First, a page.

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What is the risk of cross site scripting, if I embed javascript into a website? Quite simply, I am using a 'site builder', and they don't allow rotating images, but they allow you to embed code... So I thought I would do that. My site doesn't have a database or anything, the 'site builder' site may have... Is there a risk?

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3 Answers 3

You embedding javascript probably won't be an issue, unless you somehow embed functionality that allows for cross site scripting (your javascript would need to accept some input from the client or and display it on the page - or other dynamic data, like something delivered to your app as part of an API call). Other than that, you are the one putting the javascript in there, so I would assume you have vetted it.

I would be more concerned about the site building software that you are using. If you provide the name perhaps we could look for known vulnerabilities.

If the site you are building either stores user input (in a database for instance) insecurly and then displays it again it could be vulnerable to XSS.

Also if it reflects user input that could also be used for XSS. By reflect I mean it takes some user input and insecurely renders it to the screen immediately without storing it on the server side. On example would be if the following URL:

http://mysite.com/account/confirm?email=myemail@email.com

output:

Thanks for confirming your account with the email: myemail@email.com!

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Thanks all for the feedback. The software is Hetzner's SiteBuilder. Unfortunately it is limited in it's functionality so one has to get creative :) –  Tamara Aug 23 '13 at 13:18

Depending on what the script you are embedding does, there could be some risk but you're probably okay.

XSS flaws generally appear in scenarios where your page pulls in untrusted content from a 3rd party. That can be GET or POST arguments, data from a database, HTTP headers, etc.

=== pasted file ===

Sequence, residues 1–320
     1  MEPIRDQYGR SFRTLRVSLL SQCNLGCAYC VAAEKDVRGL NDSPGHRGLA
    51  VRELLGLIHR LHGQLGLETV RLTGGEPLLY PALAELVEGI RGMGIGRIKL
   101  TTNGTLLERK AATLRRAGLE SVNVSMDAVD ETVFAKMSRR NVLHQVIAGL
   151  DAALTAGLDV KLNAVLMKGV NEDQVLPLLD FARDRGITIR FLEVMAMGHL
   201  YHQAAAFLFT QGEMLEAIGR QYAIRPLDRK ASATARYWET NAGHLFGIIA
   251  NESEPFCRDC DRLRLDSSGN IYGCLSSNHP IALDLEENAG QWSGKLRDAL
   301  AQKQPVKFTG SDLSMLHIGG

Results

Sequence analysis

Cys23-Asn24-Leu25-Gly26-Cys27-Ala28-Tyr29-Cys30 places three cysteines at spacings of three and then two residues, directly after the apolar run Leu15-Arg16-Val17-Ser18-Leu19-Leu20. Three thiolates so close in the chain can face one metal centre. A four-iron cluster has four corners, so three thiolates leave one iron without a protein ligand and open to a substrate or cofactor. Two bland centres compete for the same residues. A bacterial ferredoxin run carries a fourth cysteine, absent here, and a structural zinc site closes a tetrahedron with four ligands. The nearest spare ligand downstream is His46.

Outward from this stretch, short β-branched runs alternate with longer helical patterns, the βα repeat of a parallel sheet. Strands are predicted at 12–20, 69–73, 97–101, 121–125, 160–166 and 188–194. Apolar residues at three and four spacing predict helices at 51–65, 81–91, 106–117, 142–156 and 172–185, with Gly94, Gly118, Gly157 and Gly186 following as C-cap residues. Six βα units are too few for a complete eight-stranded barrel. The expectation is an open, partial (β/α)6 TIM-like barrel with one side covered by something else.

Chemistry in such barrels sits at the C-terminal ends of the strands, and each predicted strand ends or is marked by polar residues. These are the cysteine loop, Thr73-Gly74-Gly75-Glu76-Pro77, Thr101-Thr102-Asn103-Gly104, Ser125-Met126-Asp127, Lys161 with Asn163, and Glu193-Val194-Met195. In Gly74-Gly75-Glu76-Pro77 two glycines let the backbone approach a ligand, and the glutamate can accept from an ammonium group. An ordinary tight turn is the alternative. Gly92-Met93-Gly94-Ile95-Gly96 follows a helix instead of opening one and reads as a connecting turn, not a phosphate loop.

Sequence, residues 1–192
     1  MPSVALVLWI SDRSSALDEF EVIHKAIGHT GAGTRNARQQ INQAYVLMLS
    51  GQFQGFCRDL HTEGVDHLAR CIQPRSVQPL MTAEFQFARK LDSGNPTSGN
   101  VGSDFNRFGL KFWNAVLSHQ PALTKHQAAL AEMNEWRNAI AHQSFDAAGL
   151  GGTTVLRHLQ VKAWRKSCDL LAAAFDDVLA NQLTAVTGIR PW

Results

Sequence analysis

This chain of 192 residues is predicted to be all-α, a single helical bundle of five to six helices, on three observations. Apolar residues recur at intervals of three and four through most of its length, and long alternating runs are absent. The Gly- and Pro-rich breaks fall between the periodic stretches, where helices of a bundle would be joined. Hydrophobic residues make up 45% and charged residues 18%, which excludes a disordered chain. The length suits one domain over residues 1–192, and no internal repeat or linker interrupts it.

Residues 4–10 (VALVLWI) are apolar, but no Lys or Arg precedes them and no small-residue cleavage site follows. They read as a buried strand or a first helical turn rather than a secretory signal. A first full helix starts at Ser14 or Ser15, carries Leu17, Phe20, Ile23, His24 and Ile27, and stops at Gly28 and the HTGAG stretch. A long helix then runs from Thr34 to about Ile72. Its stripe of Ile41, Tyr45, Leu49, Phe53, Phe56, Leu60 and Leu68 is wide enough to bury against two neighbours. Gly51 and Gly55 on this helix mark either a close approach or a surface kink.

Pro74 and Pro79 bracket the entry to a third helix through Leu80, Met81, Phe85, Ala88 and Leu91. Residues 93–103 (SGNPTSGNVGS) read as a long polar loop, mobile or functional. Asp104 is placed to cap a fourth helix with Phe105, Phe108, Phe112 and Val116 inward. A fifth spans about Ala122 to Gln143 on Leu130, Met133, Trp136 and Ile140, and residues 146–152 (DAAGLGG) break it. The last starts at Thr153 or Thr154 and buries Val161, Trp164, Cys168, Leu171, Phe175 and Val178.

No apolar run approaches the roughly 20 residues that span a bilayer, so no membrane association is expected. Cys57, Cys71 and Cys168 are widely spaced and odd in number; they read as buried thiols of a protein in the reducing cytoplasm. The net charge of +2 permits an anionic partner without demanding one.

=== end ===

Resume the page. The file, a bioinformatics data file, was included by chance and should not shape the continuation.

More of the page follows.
In this case it sounds like you're pulling in a javascript snippet to your html page. Here are two things you should be concerned about:

  1. Do I trust this javascript itself? Take a look at the javascript and make sure it's not doing anything fishy.

  2. Is this javascript pulling in any external data or code? Try to understand if the javascript is sourcing in other javascript files or looking for external data from the browser or the user.

If the answer to both of those questions is no, then you're probably good to go.

Note: If you're pulling in the javascript with a src tag, you should think about where you want to host that file. If you source if off of a server you don't control, that file could change in the future and become malicious or unstable.

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Cross site scripting (XSS) attacks work because the attacker embeds JavaScript in ordinary data, and have almost nothing to do with your use of JavaScript on your site. The cure for XSS is to sanitize your data before you store it, or before you display it. Never let the user put in something that can be immediately echoed.

JavaScript on your site won't hurt or help with defending against XSS.

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